U.S. Marshal Nehemiah Flowers said one of the service's responsibilities is to provide a traveling justice with security.
Flowers said Scalia informed marshals that he didn't want any recordings of his speech and when it was discovered that two reporters had tape recorders, one of the marshals took action.
Flowers suggested Friday that Scalia's request should have been publicly announced.
A journalists' advocacy group says that deputy federal marshal, Melanie Rube, violated both the law and the fundamentals of press freedom when she confronted the reporters from The Associated Press and the Hattiesburg American on Wednesday.
The Reporters Committee for Freedom of the Press said in a letter that Rube violated the Privacy Protection Act, which says government officers may not seize materials in the possession of people who plan to distribute them through public communication.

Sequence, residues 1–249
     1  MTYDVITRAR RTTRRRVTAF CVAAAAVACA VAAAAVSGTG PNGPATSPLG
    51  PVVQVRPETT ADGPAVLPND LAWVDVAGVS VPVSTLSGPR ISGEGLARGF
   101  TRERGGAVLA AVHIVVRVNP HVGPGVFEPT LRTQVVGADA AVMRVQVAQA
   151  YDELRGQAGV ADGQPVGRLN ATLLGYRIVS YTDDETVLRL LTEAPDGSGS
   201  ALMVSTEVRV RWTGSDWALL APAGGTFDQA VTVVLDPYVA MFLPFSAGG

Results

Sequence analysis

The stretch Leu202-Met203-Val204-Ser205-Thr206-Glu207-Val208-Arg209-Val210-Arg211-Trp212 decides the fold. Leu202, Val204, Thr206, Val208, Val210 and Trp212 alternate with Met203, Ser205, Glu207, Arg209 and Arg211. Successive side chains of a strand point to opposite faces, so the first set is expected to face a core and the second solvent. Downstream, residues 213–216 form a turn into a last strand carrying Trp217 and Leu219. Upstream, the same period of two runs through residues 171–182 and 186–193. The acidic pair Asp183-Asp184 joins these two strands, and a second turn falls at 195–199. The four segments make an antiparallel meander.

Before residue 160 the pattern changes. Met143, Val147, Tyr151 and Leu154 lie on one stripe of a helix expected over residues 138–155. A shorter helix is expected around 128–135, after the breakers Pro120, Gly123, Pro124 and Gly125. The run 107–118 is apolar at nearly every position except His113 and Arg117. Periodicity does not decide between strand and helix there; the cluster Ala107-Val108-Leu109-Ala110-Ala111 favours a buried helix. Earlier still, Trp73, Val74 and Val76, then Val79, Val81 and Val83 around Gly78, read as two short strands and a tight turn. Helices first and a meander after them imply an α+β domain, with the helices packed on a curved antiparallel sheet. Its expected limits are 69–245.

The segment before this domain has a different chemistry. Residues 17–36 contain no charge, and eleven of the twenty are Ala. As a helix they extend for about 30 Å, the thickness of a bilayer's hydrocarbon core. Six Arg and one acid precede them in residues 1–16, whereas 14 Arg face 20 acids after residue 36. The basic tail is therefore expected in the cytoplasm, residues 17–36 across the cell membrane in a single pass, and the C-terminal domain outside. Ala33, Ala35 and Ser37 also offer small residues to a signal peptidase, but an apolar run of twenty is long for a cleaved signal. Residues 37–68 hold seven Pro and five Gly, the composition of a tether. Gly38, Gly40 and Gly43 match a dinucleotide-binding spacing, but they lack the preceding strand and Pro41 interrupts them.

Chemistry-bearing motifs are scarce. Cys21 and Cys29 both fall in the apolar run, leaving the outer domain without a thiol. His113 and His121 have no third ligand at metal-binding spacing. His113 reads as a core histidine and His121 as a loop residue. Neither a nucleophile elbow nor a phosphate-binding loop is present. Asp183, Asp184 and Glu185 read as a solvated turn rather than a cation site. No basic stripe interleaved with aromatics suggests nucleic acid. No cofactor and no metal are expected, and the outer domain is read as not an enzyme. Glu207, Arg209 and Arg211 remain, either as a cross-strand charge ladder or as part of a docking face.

The group is urging that all officials be reminded of the important interests at stake when dealing with the news media.
The letter was addressed to Attorney General John Ashcroft, U.S. Marshals Service Director Benigno Reyna and Flowers.
Viewers with disabilities can get assistance accessing this station's FCC Public Inspection File by contacting the station with the information listed below. Questions or concerns relating to the accessibility of the FCC's online public file system should be directed to the FCC at 888-225-5322, 888-835-5322 (TTY), or firstname.lastname@example.org.